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DiPaula Resigns as Head of UMMS Board

James C. “Chip” DiPaula Jr. resigned Wednesday as chair of the University of Maryland Medical System Board of Directors. Photo by Danielle E. Gaines.

James C. “Chip” DiPaula Jr., the chair of the University of Maryland Medical System Board of Directors, announced Wednesday that he is resigning from the board, effective immediately.

In a letter to Gov. Lawrence J. Hogan Jr. (R), who appoints most of the UMMS board members, DiPaula said that he was resigning because he had “made the decision to permanently change my residency to another state.”

Late last month, Hogan nominated Dori Bishop Kelso to serve on the UMMS board, but it wasn’t clear at the time who she was designated to replace. The Senate Executive Nominations Committee is expected to hear Bishop Kelso’s nomination at its regularly scheduled meeting on Monday. She runs a building contracting firm and is the wife of Thomas Kelso, who was Hogan’s campaign chair and serves as the governor’s designated chair on the Maryland Stadium Authority.

DiPaula, who served with Hogan during the administration of former Gov. Robert L. Ehrlich Jr. (R), became the board’s leader in 2019, as the medical system was reeling from a series of self-dealing scandals involving former Baltimore Mayor Catherine E. Pugh (D) and other board members.

“Serving UMMS has been one of the great privileges of my career,” DiPaula wrote to Hogan. “Since 2019, with your support, we have overseen crucial and comprehensive governance, management, and operations reforms, adopted extensive new structural governance reforms, 17 board policies, revitalized board committee charters, and led a successful national search for a new Chief Executive.”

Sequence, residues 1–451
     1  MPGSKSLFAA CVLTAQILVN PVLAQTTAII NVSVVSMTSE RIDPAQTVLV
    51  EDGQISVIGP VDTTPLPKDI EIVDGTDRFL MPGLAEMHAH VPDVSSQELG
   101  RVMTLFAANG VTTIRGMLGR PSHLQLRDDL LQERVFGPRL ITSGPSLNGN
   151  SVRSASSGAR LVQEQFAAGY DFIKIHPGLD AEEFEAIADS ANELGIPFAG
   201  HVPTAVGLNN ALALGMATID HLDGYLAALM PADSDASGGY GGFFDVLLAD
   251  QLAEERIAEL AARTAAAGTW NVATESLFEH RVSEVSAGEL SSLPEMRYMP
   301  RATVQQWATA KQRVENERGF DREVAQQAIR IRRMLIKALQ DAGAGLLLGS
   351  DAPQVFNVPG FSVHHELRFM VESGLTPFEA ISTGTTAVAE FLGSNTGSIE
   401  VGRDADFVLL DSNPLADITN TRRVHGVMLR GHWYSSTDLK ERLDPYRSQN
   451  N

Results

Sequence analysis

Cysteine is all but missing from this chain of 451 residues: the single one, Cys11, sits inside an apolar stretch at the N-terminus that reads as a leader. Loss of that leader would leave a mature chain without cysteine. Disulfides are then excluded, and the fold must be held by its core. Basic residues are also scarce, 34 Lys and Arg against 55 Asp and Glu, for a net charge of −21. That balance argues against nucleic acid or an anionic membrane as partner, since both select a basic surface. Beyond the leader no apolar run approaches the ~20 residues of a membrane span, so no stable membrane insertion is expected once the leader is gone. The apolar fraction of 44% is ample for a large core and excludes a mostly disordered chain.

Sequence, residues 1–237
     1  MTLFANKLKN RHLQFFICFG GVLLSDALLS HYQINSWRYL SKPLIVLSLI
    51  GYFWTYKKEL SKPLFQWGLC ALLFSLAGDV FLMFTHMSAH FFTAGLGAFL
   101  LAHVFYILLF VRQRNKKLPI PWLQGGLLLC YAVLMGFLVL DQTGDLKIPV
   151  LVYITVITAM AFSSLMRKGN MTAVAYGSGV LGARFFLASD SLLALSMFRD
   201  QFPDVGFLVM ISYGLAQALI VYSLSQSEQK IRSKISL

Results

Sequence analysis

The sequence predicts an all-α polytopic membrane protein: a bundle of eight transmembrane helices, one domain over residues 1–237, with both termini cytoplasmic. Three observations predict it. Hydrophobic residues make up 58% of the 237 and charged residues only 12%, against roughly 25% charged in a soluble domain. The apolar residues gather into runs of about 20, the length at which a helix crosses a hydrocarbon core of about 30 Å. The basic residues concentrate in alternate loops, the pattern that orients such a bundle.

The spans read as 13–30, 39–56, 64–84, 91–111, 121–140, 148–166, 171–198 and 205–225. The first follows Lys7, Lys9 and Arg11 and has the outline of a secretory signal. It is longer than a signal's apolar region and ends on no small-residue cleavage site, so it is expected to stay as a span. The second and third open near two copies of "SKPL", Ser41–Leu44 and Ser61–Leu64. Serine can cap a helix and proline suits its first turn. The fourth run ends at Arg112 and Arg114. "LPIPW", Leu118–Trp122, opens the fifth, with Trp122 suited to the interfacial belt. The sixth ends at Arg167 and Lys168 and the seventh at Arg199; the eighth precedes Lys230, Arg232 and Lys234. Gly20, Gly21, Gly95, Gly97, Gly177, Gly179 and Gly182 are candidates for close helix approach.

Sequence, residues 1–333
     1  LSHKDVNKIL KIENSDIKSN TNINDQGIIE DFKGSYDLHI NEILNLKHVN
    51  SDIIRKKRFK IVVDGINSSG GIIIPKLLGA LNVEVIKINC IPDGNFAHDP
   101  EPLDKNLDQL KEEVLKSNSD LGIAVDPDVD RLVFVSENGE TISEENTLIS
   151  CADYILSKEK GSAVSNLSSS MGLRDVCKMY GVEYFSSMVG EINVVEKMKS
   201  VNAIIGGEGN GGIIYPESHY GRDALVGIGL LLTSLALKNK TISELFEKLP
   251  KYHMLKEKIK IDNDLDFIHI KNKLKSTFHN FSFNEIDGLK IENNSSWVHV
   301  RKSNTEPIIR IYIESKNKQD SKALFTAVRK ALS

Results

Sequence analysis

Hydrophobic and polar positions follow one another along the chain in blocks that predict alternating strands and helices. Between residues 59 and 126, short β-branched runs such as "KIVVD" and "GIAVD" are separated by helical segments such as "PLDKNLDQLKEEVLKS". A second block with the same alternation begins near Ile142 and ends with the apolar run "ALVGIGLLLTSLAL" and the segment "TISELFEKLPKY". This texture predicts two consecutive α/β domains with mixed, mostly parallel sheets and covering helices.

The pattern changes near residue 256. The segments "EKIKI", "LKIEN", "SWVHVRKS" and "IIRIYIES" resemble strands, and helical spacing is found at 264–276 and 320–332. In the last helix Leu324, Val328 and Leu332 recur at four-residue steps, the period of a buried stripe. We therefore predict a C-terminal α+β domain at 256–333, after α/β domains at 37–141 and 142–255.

DiPaula also paid tribute to medical professionals who sustained the system during the COVID-19 public health crisis.

“During my time with UMMS, I have been humbled and privileged to witness our nurses, doctors and other public health professionals overcome enormous challenges during the COVID-19 pandemic to bravely deliver exceptional care to our communities,” he said.

But DiPaula said it was the pandemic that opened new professional possibilities for him, prompting his decision to move out of state.

DiPaula, who served as Ehrlich’s chief of staff and later as his budget secretary, is co-founder of Flywheel Digital, an eCommerce advertising company. The Baltimore-based firm was acquired by a British marketing company three years ago. Last month, the company was sued by a competitor, Compass Marketing, in U.S. District Court. The complaint alleges that Flywheel unfairly profited from knowledge that DiPaula and others picked up while working for Compass. Flywheel’s response to the claims are not due to the court until April.

“Like many during the course of the pandemic, I have worked from a variety of locations and made the decision to permanently change my residency to another state,” DiPaula wrote. “As such, Maryland is no longer my primary domicile. Further, I have taken an expanded role at my company which requires extensive travel to manage 10 global businesses.”

In a statement, Mohan Suntha, president and CEO of UMMS, paid tribute to DiPaula.

“For the past three years, Chip’s steadfast leadership has helped guide UMMS through challenging times and unprecedented healthcare emergencies,” Suntha said. “We will be forever grateful for his integrity, dedication and his incredible willingness to selflessly share his professional abilities and wisdom with our organization.”

UMMS Board Vice Chair Alexander Williams Jr. will serve as interim board chair until the board can elect a permanent replacement for DiPaula in May. Williams is a retired federal judge and former Prince George’s County state’s attorney who has been a vital utility player for Hogan, serving in a variety of high-profile appointed rules.

Danielle E. Gaines contributed to this report. 

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DiPaula Resigns as Head of UMMS Board